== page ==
A Cancer Drug For Parkinson's? New Study Raises Hope, Draws Criticism

Dec 16, 2019
Originally published on December 16, 2019 11:26 pm

A leukemia drug may have cleared another hurdle as a potential treatment for Parkinson's disease.

But critics say it's still not clear whether the drug, nilotinib (brand name Tasigna), is truly safe or effective for this use.

In a study of 75 people with Parkinson's, nilotinib appeared to improve quality of life and boost the chemical dopamine, a team from Georgetown University Medical Center reported Monday in JAMA Neurology.

"We are seeing signals that this may be a potential treatment for our Parkinson's disease patients," says Dr. Fernando Pagan, director of the medical center's movement disorders program.

But other scientists are less positive about the results.

"They really didn't find anything convincing," says Dr. Joel Perlmutter, who directs the movement disorders program at Washington University School of Medicine in St. Louis.

Parkinson's is a nervous system disorder that causes movement problems including stiffness and tremors. Existing drugs can treat those symptoms, but not the underlying loss of brain cells that causes the disease.

Several years ago, a team at Georgetown began studying nilotinib as a way to treat Parkinson's and other brain diseases, including Alzheimer's.

The drug appears to help brain cells clear out toxic substances that build up in those diseases.

When patients take nilotinib, "You turn on the garbage disposal daily and you're able to get rid of that accumulation and hopefully see better function," Pagan says.

Results of a small, preliminary study looked promising. So the Georgetown team launched the larger, more rigorous second-phase study of 75 people.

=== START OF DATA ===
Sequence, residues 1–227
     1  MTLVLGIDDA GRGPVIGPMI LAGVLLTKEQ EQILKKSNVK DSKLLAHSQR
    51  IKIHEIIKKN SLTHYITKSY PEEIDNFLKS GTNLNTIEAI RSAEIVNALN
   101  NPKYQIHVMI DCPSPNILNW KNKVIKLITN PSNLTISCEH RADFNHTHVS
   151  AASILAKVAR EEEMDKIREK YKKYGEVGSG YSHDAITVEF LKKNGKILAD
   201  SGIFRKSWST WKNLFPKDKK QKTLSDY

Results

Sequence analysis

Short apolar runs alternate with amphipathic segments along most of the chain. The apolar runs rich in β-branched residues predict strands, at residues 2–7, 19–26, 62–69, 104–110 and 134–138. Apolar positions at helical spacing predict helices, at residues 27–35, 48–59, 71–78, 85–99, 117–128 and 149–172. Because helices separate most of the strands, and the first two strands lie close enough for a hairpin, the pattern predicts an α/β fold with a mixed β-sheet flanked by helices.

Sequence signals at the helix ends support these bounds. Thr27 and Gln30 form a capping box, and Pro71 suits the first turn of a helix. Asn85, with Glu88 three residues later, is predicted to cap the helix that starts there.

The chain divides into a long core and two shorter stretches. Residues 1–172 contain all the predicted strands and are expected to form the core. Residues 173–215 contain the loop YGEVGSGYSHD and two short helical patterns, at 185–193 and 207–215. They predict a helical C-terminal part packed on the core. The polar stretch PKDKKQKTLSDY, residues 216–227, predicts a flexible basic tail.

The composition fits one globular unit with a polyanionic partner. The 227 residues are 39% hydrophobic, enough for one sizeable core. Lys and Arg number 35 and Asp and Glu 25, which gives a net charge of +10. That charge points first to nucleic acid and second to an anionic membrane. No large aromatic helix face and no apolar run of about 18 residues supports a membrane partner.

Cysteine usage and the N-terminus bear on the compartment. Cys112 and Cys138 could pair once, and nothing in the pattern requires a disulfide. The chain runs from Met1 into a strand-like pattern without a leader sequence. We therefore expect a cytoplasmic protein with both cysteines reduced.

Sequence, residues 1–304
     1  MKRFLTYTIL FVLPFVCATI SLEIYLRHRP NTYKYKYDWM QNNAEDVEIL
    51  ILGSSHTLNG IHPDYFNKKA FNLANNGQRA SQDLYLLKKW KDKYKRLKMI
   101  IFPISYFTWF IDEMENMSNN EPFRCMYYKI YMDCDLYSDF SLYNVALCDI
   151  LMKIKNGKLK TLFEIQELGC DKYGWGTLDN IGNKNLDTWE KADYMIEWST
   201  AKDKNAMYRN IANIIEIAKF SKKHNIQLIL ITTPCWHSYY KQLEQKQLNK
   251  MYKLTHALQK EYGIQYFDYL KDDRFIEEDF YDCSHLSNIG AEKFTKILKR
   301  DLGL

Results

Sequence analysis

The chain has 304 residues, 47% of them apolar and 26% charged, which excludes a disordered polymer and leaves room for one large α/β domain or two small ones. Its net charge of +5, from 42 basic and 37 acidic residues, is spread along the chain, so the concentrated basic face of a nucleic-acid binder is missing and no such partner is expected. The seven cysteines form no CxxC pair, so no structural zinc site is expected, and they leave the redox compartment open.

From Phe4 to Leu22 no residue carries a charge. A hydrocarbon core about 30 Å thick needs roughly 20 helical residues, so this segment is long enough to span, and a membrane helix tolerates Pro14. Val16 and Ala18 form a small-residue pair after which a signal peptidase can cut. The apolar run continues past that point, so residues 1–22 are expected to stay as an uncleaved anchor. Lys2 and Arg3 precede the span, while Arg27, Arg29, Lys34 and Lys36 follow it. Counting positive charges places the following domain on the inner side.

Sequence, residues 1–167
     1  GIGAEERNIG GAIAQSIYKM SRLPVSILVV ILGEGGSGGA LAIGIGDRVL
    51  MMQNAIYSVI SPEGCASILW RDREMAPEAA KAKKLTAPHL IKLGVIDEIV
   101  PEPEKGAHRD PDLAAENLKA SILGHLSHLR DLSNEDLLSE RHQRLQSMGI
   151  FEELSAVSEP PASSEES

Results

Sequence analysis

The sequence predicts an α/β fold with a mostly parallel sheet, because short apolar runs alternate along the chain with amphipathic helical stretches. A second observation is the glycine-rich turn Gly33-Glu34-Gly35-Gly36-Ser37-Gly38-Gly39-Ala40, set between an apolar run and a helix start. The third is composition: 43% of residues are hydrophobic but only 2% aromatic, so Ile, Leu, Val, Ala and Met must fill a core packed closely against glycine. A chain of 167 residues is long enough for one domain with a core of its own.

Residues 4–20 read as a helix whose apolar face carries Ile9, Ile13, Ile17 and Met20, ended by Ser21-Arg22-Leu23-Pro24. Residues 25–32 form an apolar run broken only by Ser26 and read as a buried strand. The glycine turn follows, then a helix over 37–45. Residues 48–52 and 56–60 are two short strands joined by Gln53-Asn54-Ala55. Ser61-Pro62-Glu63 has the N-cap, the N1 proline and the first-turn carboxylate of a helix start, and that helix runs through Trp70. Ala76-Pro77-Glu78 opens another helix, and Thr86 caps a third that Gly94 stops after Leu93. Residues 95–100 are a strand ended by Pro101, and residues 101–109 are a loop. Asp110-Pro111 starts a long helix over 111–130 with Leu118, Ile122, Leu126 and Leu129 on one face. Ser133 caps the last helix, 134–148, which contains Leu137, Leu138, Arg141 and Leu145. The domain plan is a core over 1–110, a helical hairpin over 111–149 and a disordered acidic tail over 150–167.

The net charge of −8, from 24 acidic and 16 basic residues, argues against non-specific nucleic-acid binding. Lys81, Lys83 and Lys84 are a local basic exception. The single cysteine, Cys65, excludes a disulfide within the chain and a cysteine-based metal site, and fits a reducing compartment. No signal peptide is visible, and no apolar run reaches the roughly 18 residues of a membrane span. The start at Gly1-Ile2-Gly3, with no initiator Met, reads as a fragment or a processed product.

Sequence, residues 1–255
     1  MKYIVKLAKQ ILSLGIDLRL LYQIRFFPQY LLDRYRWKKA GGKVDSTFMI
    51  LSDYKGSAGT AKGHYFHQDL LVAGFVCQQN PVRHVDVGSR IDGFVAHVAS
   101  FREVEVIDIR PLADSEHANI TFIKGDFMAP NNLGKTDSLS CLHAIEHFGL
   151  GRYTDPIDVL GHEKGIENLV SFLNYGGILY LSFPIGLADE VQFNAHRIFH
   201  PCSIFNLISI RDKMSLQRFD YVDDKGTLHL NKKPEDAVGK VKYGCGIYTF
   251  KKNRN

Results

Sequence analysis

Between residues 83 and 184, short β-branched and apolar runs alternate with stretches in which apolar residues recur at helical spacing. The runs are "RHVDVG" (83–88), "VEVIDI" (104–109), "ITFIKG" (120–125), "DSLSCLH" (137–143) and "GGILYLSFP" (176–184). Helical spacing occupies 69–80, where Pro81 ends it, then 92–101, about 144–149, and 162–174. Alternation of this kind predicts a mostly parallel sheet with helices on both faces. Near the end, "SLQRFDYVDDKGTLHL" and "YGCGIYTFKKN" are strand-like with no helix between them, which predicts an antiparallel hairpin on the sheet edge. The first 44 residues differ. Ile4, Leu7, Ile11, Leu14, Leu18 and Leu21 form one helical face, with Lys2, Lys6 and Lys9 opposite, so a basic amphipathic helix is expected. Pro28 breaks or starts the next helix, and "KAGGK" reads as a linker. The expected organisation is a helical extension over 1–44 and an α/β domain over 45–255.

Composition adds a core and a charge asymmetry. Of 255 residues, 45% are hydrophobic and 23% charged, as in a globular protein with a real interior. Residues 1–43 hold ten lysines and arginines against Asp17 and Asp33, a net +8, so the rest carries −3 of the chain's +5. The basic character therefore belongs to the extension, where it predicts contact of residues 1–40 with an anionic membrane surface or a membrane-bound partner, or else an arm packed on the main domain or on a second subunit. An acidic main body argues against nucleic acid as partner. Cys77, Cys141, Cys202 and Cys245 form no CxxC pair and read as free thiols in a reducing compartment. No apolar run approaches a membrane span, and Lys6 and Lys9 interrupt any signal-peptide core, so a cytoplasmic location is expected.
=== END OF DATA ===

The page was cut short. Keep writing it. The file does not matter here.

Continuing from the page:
In the new study, some Parkinson's patients took either 150 milligrams or 300 milligrams of nilotinib each day for a year, while others received a placebo.

The results suggest that the drug is reasonably safe for these patients and may even be slowing down the disease, Pagan says.

Samples of spinal fluid showed that patients who got the 150-milligram dose of the drug had lower levels of a toxic form of the protein alpha synuclein, which tends to build up in people with Parkinson's.

The study also found some evidence that nilotinib raised levels of dopamine, the brain chemical that is lacking in people with Parkinson's.

"Nilotinib is increasing the availability of stored dopamine in the brain," says Charbel Moussa, scientific and clinical research director of the translational neurotherapeutics program at Georgetown University. "So the brain is now extracting its own endogenous stores of dopamine."

Perlmutter isn't so sure.

It's not clear from the study whether the dopamine changes were caused by nilotinib or something else, he says. And other seemingly positive results looked good at one point in time but not in another.

"It's possible these are really statistical aberrations and are not really convincing evidence of a change induced by the drug," he says. "But we don't know."

Perlmutter is also concerned about side effects, including heart problems, which were more frequent in people who got the drug than those who got a placebo. Nilotinib is known to cause heart problems in some leukemia patients.

The Georgetown study represents the latest exchange in an ugly scientific conflict over the use of nilotinib for Parkinson's.

The Michael J. Fox Foundation for Parkinson's Research has publicly criticized the Georgetown research — even as it was conducting its own study of the drug.

And a week ago, the foundation put out a press release saying that nilotinib didn't help Parkinson's patients in their study — even though results of that study haven't been published.